First—realize the Pharisees were not some sort of ‘evil incarnate’ folks whose only aim in life was to undermine Jesus’ ministry. Many, if not most, of them ‘went into the ministry’ with good, noble motives. They may have wanted to please God, or make their parents proud, or—well—you get what I mean—the same reasons many people do what their doing with their lives.

He (our pharisee friend) was taught how to give by the law of Moses, and so he gave:

One tenth of this

One fifth of that

The first gathering of these

The best of those

Then, after years—decades—of giving as prescribed by Moses in the law and then some, his father dies, and his mother is left destitute. He cannot give into her support because everything he has above and beyond his own living is going into the ministry. He gives so automatically that he does not even consider the money his.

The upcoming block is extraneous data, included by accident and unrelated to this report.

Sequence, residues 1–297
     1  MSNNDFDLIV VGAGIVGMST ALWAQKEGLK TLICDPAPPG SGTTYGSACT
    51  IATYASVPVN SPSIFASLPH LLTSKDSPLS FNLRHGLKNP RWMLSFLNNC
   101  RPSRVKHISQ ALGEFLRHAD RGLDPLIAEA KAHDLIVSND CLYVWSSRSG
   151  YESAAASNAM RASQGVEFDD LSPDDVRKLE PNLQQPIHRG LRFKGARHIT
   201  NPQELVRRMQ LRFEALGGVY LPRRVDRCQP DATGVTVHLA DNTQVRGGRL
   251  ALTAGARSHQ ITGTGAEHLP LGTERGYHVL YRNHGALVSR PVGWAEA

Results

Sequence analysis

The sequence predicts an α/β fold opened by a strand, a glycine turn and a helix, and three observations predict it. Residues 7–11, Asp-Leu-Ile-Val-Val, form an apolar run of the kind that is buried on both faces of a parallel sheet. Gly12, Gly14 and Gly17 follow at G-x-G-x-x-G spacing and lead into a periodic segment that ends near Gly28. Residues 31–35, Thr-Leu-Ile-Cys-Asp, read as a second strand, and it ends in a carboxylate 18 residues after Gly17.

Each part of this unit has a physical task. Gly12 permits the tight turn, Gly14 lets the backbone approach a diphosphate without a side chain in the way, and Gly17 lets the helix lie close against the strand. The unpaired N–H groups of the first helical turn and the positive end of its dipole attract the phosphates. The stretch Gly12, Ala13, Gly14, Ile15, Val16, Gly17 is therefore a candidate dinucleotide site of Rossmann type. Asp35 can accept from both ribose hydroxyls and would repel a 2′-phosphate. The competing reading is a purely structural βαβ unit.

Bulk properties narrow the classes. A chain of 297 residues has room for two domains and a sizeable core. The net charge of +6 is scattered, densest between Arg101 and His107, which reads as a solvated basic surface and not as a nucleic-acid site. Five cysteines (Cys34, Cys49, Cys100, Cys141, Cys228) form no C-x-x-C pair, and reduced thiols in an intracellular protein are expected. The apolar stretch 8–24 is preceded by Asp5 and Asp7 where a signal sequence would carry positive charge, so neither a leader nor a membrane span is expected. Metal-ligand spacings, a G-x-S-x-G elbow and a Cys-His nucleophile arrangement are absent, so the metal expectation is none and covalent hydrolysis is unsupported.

There may have been intention and heart engagement when he began giving, but now it is automatically withdrawn from his paycheck and there is no heart behind his action.

And so, by his giving (as prescribed by Moses in the law) he is breaking the commandment to honor his father and mother.

What’s a pharisee to do?

Engage your heart in your giving.

Engage your heart in your worship.

Engage your heart in every action.

This even applies to your work. Is work mundane and tedious? Is it high stress and does it feel like torture?

We have to stop falling through life with our minds turned off and our hearts disengaged. [Tweet This] (Yes, I’m talking to you, Ben, pay attention.)